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Shiva - saivam
Shiva (शिव) is an adjective meaning "auspicious, kind, gracious. Shiva is to have multiple meanings: The Pure One; One who purifies everyone by the very utterance of His name; One who is eternally pure; and One who can never have any contamination of the imperfection. Shiva and Rudra the god of the roaring storm, are viewed as the same personality. Śiva is a god of ambiguity and paradox - Destroyer versus benefactor; Ascetic versus householder. The depiction of Shiva as Nataraja (நடராஜா Cosmic Dancer) and Dakṣiṇamurthi as a teacher of yoga, music, and wisdom and giving exposition on the shastras. Saiva Sect? Saivite Hindus worship the Supreme God as Siva, the Compassionate One. Saivites esteem self discipline and philosophy and follow a satguru. They worship in the temple and practice yoga, striving to be one with Siva within.
Saivism is the world's oldest faith with high philosophy, the guru's centrality and bhakti-raja-siddha yoga leading to oneness with Siva within. Saivism is ancient, truly ageless, for it has no documented beginning. Scholars trace the roots of Siva worship back more than 8,000 years to the advanced Indus Valley civilization. Modern history records six main schools: Saiva Siddhanta, Pashupatism, Kashmir Saivism, Vira Saivism, Siddha Siddhanta and Siva Advaita. The Vedas state, "By knowing Siva, the Auspicious One who is hidden in all things, exceedingly fine, like film arising from clarified butter, the One embracer of the universe by realizing God, one is released from all fetters." Aum Namah Sivaya.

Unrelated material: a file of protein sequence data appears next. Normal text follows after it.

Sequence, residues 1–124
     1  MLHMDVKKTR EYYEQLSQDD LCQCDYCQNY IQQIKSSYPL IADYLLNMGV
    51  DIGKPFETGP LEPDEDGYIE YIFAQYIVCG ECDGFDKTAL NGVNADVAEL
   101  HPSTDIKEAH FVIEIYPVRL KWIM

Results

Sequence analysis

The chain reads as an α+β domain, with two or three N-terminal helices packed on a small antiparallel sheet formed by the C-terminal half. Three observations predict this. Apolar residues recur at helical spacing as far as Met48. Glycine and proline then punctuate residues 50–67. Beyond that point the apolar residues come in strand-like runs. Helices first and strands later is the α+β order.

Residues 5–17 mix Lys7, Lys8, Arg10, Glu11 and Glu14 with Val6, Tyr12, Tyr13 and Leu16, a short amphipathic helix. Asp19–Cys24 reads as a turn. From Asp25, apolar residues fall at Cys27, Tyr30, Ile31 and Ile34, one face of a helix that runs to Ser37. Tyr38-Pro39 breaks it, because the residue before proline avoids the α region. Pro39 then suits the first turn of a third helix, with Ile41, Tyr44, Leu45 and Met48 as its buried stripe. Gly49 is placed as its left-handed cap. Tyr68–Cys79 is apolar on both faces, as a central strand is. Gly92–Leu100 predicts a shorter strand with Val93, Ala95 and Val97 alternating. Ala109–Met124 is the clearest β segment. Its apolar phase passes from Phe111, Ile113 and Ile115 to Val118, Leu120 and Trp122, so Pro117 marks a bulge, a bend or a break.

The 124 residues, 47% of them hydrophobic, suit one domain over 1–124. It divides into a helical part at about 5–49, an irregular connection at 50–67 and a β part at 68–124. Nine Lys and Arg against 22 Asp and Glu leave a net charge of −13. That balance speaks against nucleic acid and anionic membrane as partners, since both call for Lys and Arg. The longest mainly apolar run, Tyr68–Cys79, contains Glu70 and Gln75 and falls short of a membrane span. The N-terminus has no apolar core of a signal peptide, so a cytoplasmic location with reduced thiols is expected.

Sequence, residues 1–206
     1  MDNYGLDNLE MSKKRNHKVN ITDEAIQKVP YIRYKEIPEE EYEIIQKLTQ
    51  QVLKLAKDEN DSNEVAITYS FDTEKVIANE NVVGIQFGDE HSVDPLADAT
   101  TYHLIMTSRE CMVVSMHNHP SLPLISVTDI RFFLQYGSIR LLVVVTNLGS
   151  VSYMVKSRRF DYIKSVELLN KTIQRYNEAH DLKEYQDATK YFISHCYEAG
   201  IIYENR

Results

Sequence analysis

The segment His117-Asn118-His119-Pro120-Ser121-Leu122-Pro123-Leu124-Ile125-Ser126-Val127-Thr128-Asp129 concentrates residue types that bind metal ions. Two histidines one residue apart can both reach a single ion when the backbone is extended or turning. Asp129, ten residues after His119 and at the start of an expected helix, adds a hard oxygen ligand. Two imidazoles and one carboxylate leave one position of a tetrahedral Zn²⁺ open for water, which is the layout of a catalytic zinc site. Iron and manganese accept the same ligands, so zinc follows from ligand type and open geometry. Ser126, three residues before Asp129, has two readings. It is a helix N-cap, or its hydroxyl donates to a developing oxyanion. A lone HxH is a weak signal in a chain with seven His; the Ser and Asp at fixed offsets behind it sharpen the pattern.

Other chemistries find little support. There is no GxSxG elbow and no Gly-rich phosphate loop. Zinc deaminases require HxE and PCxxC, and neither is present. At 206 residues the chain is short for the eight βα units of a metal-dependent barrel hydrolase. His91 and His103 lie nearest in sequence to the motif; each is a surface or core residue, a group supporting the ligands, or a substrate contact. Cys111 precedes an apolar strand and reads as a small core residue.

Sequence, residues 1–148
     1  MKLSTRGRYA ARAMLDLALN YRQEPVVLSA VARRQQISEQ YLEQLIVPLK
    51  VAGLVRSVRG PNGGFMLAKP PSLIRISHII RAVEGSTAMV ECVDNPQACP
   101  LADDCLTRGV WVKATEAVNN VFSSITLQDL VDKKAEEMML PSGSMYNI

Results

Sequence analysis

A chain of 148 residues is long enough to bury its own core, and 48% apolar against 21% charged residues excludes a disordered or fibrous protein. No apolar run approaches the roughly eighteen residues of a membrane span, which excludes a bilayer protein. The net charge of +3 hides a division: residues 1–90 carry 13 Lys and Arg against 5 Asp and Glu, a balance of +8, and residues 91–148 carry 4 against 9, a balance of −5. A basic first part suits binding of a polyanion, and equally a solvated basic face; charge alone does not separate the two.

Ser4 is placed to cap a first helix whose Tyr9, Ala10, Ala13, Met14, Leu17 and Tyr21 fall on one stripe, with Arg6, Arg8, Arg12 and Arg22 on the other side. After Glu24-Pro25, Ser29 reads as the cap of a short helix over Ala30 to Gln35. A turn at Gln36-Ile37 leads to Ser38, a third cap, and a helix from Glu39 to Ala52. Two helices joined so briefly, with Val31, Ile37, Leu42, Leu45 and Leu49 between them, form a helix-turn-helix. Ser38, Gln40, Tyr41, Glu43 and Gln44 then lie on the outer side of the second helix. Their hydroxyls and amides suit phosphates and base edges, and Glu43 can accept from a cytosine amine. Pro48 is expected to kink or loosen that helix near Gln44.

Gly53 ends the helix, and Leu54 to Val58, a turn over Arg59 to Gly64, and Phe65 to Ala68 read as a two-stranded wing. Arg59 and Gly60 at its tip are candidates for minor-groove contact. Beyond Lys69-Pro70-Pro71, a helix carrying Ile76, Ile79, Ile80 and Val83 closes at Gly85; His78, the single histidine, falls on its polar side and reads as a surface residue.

The path for Saivites is divided into four progressive stages of belief and practice called charya, kriya, yoga and jnana. The soul evolves through karma and reincarnation from the instinctive-intellectual sphere into virtuous and moral living, then into temple worship and devotion, followed by internalized worship, or yoga, and its meditative disciplines. Union with God Siva comes through the grace of the satguru and culminates in the soul's maturity in the state of jnana, or wisdom. Saivism values both bhakti and yoga, devotional and contemplative sadhanas, or disciplines.
God Siva is honored as Pure Love, Light, Energy and Consciousness. He is contemplated as the timeless, formless and spaceless Absolute Reality. Shivalinga worship is ancient, original, prehistoric and not merely an abstract symbol. Many Saints and Heroes in Puranas worshipped Lingam made out of Clay, metal, copper, iron, silver, gold, mud, stone, precious gems, wood, butter, ice, earth or transitory materials such as made out of flowing river., and invoked Lord Shiva into it. This sends the message that God can be invoked and worshipped in any convenient form; the form is irrelevant, but the divine power that it represents is important. Before Cholas, most of the sivalingams are workshipped in open spaces or under trees. Shiva is "abishekap praya" and devotees pour water and milk over linngams. The offerings get collected in pits for animals to drink. In this way we feed animals, may be god is also known as pasupathi (protector of animals)
Some of the Shivalingams are Swayambus, appeared on its own, some of them are untouched by a chisel; there are rare Shivalingams in Pallava period bearing several stripes shaped, witnessed at Kailasanatha temple at Kanchipuram. As you may be aware, Shivalingam is generally circular based, a quadrangular receptacle. The pedestal is shrewdly shaped to drain off the water when ablutions are performed. This is the only God whose Form and Formless appear together. Learned indicate that the bottle portion of the pedestal represents Brahma Swaroopam, the middle portion represents Vishnu while the upper portion or the cylindrical one represent Shiva. Images are also sometimes carved rarely, such is one Kathmandu Pashupathinath temple.